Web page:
• 10% drop between April and November 2020 (when your article was published). 5 further months since then.

    If you've better figures I'm happy to use those instead but I don't think they exist yet. The last I saw from the NEC was that membership had actually risen.

  • The most accurate poll from 2017 was the one on 8 June which had Corbyn on 40%.

    I'm not using this to suggest he is a better leader than Starmer - he patently was not very good at all.

    But the best Starmer is faring in any poll at the moment is 38%, and that is a real indictment.

    Playing it safe hasn't worked, poor performance in the Scottish and local elections will compound it, and if we'd rather have a Labour than Conservative government it's a problem.

  • London school success is largely down to the London Challenge under the last Labour government, but to bring that up now is a risk because:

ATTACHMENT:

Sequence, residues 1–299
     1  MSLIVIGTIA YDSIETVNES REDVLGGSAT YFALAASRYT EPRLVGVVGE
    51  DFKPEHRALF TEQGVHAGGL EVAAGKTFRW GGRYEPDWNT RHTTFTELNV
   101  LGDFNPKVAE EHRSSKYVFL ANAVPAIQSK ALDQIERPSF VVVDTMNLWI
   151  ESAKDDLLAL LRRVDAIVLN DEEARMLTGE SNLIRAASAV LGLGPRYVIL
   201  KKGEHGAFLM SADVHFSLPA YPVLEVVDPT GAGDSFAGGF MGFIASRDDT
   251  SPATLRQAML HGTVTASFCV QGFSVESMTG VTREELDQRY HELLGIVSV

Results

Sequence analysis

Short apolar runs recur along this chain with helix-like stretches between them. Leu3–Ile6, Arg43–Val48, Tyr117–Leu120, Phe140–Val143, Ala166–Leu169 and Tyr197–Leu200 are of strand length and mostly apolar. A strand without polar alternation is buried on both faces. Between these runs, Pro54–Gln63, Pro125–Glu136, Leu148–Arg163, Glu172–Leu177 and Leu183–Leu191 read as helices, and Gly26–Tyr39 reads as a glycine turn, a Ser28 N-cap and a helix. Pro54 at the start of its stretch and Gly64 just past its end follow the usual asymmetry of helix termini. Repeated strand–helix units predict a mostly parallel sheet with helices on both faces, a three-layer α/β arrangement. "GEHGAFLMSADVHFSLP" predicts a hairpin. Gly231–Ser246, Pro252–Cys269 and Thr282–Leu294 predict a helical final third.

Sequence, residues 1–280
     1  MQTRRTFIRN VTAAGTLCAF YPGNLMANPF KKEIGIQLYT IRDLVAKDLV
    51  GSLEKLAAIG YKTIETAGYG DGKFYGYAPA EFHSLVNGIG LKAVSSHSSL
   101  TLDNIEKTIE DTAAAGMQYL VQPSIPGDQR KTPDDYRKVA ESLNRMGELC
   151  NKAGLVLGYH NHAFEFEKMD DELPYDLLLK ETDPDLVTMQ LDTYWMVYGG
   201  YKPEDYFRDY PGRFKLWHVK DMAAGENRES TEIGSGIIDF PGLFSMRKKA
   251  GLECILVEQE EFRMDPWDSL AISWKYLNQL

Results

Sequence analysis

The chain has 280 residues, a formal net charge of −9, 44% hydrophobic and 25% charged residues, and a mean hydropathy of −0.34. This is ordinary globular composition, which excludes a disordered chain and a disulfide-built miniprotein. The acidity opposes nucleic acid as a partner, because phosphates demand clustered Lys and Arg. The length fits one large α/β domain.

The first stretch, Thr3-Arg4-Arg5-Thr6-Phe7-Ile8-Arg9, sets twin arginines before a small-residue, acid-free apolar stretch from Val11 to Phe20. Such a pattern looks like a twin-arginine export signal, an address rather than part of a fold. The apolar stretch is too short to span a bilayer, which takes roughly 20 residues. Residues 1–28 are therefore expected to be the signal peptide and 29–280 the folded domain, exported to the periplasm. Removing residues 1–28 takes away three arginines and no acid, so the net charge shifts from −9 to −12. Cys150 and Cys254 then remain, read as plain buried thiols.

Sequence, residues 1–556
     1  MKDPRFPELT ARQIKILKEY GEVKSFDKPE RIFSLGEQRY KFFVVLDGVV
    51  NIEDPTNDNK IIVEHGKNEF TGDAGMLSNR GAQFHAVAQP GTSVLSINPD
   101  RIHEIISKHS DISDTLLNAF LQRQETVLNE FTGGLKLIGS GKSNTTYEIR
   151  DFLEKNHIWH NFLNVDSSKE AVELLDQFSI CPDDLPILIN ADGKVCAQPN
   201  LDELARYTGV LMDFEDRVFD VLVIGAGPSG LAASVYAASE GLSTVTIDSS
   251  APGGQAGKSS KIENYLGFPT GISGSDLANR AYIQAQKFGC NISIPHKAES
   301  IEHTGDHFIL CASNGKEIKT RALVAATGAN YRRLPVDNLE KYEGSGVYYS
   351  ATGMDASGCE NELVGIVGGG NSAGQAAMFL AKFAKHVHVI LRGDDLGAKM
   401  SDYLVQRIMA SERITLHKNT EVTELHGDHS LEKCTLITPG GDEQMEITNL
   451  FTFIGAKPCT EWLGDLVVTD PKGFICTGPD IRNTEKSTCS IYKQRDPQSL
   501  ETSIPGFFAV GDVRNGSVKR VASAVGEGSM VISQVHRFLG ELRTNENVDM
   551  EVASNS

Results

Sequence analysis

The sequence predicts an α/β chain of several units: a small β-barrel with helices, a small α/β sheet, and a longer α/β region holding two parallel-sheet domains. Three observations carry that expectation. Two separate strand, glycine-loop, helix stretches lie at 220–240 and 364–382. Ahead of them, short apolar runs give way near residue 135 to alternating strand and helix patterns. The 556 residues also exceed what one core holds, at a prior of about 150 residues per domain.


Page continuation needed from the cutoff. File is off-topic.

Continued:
• It was clearly a very London-centric policy although it was partially rolled out in other areas later
    • London has some real advantages in terms of teacher recruitment and retention that the places with the worst quality schools don't have (e.g. post-industrial or former fishing towns)
    • London has different demographics (fewer pupils from the lowest-achieving groups)
    • It costs money and spending on education is frivolous and wasteful when we need more nuclear weapons and warships
  • Academies are directly funded by central government rather than LEAs, and tend to get the services that LEAs used to provide more cheaply and so can spend more on executive heads' inflated salaries.

  • tbc specifically said Starmer is below Corbyn after GE2017, which the data you presented agrees with. That's not clear evidence that they are wrong is it?